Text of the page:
BofA CEO: 'The worst is over.'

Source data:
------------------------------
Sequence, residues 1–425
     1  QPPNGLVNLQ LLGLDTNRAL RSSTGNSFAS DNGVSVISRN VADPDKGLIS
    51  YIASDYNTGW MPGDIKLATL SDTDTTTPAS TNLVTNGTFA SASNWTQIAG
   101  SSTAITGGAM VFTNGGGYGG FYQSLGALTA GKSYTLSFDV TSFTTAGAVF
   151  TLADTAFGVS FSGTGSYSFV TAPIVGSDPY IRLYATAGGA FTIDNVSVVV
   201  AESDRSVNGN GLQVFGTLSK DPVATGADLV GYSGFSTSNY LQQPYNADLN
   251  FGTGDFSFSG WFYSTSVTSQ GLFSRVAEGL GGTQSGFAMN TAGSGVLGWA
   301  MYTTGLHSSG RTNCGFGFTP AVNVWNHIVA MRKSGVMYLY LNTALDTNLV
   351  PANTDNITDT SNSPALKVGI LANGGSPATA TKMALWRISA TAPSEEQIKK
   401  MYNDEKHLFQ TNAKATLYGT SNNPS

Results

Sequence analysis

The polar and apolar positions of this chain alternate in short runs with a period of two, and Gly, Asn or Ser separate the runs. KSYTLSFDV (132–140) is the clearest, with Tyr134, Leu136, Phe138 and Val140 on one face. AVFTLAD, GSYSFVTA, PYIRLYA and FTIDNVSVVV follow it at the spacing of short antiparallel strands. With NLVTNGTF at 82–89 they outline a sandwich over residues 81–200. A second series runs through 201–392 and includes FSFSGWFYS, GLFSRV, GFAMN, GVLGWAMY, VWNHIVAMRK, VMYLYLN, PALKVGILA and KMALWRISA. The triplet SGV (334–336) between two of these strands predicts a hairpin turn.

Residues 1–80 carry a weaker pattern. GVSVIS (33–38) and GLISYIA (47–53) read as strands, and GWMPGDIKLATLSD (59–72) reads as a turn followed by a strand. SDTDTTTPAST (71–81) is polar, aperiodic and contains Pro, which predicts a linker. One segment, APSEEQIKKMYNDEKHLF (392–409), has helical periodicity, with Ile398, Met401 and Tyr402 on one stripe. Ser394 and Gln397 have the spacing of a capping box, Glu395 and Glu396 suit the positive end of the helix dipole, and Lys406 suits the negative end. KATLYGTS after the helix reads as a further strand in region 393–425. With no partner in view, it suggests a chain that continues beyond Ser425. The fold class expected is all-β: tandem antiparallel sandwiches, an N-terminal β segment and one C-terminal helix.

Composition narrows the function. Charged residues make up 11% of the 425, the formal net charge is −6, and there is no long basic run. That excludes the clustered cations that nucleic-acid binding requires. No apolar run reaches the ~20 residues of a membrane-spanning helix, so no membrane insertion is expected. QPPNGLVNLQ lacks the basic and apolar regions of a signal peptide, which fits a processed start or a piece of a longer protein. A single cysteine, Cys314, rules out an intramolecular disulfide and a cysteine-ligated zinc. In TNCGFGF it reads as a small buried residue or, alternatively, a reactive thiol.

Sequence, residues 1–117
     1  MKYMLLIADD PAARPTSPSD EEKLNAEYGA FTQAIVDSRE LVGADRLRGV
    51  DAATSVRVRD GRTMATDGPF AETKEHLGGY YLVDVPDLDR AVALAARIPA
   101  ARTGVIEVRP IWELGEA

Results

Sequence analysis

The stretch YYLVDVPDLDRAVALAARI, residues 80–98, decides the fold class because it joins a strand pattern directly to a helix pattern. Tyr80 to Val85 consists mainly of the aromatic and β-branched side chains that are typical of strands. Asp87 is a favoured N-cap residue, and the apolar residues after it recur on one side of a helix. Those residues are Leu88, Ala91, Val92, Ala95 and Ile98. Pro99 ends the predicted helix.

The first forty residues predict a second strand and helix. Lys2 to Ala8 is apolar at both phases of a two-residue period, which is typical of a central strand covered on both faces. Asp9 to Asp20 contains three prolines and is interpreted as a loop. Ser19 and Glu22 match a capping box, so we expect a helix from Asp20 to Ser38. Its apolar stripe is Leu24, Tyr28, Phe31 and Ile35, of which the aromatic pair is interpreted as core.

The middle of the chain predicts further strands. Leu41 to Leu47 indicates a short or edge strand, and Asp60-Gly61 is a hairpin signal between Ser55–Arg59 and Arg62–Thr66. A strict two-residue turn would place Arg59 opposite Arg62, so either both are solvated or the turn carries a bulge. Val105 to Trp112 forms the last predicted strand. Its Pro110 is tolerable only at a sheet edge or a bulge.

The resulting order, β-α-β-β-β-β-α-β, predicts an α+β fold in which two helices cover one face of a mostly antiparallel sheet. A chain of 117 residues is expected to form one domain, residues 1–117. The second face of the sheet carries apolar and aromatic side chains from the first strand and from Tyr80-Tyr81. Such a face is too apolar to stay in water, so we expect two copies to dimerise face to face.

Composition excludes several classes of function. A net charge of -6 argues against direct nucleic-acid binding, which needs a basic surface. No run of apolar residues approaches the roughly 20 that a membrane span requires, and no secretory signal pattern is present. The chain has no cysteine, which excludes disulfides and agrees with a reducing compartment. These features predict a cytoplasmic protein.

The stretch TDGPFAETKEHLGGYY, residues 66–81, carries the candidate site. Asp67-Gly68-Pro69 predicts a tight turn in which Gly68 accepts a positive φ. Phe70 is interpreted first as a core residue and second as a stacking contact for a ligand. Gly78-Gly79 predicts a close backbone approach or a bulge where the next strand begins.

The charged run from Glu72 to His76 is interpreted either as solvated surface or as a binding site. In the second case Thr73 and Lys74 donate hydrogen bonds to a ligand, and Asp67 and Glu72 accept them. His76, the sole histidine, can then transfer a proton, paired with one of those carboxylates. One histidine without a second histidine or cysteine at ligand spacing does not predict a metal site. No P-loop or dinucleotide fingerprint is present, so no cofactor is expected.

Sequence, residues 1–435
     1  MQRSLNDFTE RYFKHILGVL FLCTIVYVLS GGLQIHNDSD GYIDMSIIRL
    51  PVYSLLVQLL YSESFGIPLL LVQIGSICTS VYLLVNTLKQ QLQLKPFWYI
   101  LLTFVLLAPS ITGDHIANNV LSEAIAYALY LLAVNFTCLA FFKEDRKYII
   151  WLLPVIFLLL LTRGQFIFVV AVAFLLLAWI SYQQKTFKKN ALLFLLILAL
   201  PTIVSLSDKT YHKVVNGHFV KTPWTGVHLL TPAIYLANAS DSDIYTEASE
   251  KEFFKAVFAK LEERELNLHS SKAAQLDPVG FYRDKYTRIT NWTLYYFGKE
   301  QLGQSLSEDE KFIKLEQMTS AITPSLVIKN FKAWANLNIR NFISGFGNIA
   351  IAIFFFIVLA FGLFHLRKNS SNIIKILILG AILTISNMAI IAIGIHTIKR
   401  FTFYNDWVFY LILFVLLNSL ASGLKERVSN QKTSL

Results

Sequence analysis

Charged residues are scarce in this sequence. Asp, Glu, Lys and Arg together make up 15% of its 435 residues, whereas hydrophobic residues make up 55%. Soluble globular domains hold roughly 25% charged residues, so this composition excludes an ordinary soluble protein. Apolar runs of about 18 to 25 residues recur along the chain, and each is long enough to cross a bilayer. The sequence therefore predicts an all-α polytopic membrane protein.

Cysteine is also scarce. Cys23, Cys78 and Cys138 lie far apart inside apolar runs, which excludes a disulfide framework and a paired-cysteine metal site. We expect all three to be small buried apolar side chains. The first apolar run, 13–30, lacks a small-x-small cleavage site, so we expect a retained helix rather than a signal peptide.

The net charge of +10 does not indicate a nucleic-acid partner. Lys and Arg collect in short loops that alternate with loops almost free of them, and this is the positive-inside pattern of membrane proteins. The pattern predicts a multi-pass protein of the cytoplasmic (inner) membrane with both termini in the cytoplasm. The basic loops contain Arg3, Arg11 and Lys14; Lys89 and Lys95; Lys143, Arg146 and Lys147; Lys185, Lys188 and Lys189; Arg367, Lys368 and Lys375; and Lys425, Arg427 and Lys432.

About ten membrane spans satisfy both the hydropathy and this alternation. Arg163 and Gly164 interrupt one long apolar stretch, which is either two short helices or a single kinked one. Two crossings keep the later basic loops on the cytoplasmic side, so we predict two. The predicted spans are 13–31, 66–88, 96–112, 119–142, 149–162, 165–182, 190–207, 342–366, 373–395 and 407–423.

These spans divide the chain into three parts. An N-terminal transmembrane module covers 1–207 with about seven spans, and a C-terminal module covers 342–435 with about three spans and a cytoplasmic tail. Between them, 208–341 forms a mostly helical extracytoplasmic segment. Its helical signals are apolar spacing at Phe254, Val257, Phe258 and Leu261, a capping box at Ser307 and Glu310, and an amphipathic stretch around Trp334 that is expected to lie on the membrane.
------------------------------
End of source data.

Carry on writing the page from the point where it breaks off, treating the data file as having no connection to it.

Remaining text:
The worst of the credit crisis is over, according to the nation's biggest lender. Bank of America reported a first quarter profit of $2.83 billion today, after preferred dividend payments. And CEO Brian Moynihan touted the economic recovery in a speech to regulators. CEOs are prone to overstating the importance of their own companies in the economy, but Brian Moynihan has more of a reason to do so than most. Bank of America is the biggest bank in the country and makes more mortgage loans than any of its U.S. competitors. So Moynihan says Bank of America's 28 cents per-share profit last quarter is a good sign for the entire economy. "I think what you can read in our results is actually something good," said Moynihan. "You can see that the recovery is real." In particular, Moynihan says fewer people are defaulting on their loans. As a result, Bank of America gave itself a smaller cushion to cover bad loans last quarter - setting aside $9.8 billion, as opposed to a buffer of more than $13 billion a year ago. Moynihan also says Bank of America's customers are relying less on credit and loans, preferring instead to save their money. That's not as good for the bank's bottom line, since it makes money charging interest on debt. But Moynihan says it's good for the economy as a whole, especially when you consider what caused the credit crisis to begin with. "Too much leverage is what I put at the heart of it," says Moynihan. "Easy money for a lot of people given in ways they didn't handle it well - and I'd say that's both for individuals and companies." Moynihan spoke in his characteristically clipped tones this afternoon at a Federal Reserve Bank symposium for regulators and banking insiders. He said small businesses are still having a very difficult time getting loans, but that mid-sized and large companies have plenty of access to money. The problem for now, he added, is few companies are drawing on that credit because they don't yet feel secure enough with the economic recovery to start spending again.